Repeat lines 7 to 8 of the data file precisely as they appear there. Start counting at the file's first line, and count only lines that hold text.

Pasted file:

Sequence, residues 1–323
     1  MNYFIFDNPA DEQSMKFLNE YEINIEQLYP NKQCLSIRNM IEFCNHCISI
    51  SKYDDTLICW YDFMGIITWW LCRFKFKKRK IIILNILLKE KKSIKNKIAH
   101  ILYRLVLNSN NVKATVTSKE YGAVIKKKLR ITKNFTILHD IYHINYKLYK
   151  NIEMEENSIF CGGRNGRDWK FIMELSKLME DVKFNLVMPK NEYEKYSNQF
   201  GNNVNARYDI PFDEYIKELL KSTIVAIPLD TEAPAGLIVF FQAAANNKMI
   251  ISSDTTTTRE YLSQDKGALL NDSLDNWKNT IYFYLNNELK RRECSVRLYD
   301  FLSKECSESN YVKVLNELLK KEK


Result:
   251  ISSDTTTTRE YLSQDKGALL NDSLDNWKNT IYFYLNNELK RRECSVRLYD
   301  FLSKECSESN YVKVLNELLK KEK